> within my class.
    > The code is added at the end of this message. I currently use an extra
    > initialising function outside my class. This function initializes the thread
    > and then calls the origin thread function. This works very well. But if I
    > try to implement the init function as member of the class I have problems
    > to convert the function properly to have the right parameter for the
    > pthread_create call.


    The problem is that C callbacks cannot call non-static member functions
    of a class. The reason is that the callback does not know on which
    instance of the MyThread class the member function is to be called.
    You could make initThread() a static member function. Since static
    member functions cannot access non-static member data you will still
    need to pass this pointer (just like you are doing now).

    --
    Peter van Merkerk
    peter.van.merkerk(at)dse.nl
    Peter van Merkerk, Oct 8, 2004
    #4
  5. * Peter van Merkerk:
    >
    > The problem is that C callbacks cannot call non-static member functions
    > of a class. The reason is that the callback does not know on which
    > instance of the MyThread class the member function is to be called.
    > You could make initThread() a static member function. Since static
    > member functions cannot access non-static member data you will still
    > need to pass this pointer (just like you are doing now).


    Formally a static member function cannot be declared 'external "C"', so
    this is UnGood (TM) advice -- although it will probably work in practice.

    The OP should use an 'external "C"' function at namespace scope as C
    callback.

    --
    A: Because it messes up the order in which people normally read text.
    Q: Why is it such a bad thing?
    A: Top-posting.
    Q: What is the most annoying thing on usenet and in e-mail?
    Alf P. Steinbach, Oct 8, 2004
    #5
  6. Alf P. Steinbach wrote:

    > * Peter van Merkerk:
    >
    >>The problem is that C callbacks cannot call non-static member functions
    >>of a class. The reason is that the callback does not know on which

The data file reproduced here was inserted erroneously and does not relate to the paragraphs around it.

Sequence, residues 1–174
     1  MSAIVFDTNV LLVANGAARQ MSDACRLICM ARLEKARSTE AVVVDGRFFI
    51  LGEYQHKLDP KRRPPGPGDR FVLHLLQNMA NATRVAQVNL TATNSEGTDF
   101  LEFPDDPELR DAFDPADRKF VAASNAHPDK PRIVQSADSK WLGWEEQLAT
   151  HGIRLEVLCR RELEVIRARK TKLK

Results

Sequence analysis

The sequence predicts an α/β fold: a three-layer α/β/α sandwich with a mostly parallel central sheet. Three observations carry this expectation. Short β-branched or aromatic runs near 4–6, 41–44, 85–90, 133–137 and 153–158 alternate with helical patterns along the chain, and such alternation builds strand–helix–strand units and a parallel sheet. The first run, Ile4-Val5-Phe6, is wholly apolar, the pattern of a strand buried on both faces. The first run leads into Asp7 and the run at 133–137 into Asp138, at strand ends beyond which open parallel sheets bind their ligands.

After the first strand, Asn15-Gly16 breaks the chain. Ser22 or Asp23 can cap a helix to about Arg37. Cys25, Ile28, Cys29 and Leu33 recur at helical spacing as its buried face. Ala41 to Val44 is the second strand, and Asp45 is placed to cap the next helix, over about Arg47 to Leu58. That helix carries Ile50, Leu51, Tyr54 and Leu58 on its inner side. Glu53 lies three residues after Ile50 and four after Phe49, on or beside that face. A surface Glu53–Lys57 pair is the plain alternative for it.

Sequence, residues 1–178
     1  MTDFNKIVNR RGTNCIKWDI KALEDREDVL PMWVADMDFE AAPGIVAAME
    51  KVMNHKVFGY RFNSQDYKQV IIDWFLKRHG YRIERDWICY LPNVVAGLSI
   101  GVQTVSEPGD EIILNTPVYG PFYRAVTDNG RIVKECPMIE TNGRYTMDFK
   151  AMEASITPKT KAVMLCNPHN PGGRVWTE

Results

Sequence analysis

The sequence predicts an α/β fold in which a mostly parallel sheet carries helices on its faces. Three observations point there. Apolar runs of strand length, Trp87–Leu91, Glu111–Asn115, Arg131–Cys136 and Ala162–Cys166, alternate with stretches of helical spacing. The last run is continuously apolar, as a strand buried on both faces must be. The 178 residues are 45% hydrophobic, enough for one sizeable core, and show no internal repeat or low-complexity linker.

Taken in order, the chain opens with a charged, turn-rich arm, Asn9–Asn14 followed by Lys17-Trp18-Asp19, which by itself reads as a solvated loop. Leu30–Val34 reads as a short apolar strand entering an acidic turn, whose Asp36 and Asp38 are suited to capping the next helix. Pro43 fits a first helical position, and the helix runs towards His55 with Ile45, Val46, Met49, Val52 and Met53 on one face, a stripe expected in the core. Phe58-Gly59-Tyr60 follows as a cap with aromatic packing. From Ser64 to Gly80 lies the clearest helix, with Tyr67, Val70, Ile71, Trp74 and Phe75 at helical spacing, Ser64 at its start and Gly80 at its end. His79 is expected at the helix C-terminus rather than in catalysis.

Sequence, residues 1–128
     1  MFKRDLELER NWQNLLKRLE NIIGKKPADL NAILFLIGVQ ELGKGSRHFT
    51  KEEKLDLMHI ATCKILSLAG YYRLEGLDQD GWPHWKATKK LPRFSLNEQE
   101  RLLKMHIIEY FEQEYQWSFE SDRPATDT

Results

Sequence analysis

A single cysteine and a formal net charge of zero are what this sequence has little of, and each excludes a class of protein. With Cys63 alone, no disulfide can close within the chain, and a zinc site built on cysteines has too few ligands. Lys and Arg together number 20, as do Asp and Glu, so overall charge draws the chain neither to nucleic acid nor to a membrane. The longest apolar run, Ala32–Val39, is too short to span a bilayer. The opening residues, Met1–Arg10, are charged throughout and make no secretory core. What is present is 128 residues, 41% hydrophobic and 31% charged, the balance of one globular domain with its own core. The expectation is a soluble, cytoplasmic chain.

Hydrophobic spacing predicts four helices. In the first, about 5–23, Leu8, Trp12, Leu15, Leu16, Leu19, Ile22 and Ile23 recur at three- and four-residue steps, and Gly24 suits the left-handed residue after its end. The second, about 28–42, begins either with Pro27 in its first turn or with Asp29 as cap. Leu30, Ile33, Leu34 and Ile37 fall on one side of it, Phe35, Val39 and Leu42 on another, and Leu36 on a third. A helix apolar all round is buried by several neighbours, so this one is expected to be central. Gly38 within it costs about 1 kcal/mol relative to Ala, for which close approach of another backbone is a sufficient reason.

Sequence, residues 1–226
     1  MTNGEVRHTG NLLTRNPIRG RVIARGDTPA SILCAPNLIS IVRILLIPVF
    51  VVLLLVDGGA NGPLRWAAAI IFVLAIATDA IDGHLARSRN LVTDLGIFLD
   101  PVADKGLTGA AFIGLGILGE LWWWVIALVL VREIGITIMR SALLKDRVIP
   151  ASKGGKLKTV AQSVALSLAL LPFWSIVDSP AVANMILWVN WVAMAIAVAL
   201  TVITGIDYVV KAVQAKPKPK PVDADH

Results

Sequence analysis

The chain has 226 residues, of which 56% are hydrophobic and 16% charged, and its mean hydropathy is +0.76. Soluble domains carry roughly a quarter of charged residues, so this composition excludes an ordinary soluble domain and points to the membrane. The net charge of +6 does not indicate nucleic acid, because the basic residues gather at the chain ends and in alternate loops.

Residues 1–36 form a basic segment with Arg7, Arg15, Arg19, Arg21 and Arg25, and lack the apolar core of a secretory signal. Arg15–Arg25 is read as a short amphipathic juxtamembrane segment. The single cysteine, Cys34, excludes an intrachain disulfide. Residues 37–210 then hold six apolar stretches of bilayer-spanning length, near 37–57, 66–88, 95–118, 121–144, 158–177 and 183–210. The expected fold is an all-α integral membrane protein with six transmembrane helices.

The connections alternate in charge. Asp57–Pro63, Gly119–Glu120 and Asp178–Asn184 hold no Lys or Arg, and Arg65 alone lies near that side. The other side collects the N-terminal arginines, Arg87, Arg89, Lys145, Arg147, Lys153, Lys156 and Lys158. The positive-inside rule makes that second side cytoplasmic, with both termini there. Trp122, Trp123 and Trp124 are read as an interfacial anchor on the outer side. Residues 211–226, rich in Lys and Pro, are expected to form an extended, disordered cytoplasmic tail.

>>instance of the MyThread class the member function is to be called.
    >>You could make initThread() a static member function. Since static
    >>member functions cannot access non-static member data you will still
    >>need to pass this pointer (just like you are doing now).

    >
    > Formally a static member function cannot be declared 'external "C"', so
    > this is UnGood (TM) advice -- although it will probably work in practice.


    I never mentioned extern "C" in my post.

    > The OP should use an 'external "C"' function at namespace scope as C
    > callback.


    extern "C" specifies external linkage, which is not related to the
    problem the OP is having.

    --
    Peter van Merkerk
    peter.van.merkerk(at)dse.nl
    Peter van Merkerk, Oct 8, 2004
    #6
  7. * Peter van Merkerk:
    > Alf P. Steinbach wrote:
    >
    > > * Peter van Merkerk:
    > >
    > >>The problem is that C callbacks cannot call non-static member functions
    > >>of a class. The reason is that the callback does not know on which
    > >>instance of the MyThread class the member function is to be called.
    > >>You could make initThread() a static member function. Since static
    > >>member functions cannot access non-static member data you will still
    > >>need to pass this pointer (just like you are doing now).

    > >
    > > Formally a static member function cannot be declared 'external "C"', so
    > > this is UnGood (TM) advice -- although it will probably work in practice.

    >
    > I never mentioned extern "C" in my post.


    Happily that's now been corrected... ;-)


    > > The OP should use an 'external "C"' function at namespace scope as C
    > > callback.

    >
    > extern "C" specifies external linkage, which is not related to the
    > problem the OP is having.


    That is incorrect: 'extern "C"' is what is required.

    --
    A: Because it messes up the order in which people normally read text.
    Q: Why is it such a bad thing?
    A: Top-posting.
    Q: What is the most annoying thing on usenet and in e-mail?
    Alf P. Steinbach, Oct 8, 2004
    #7
    1. Advertising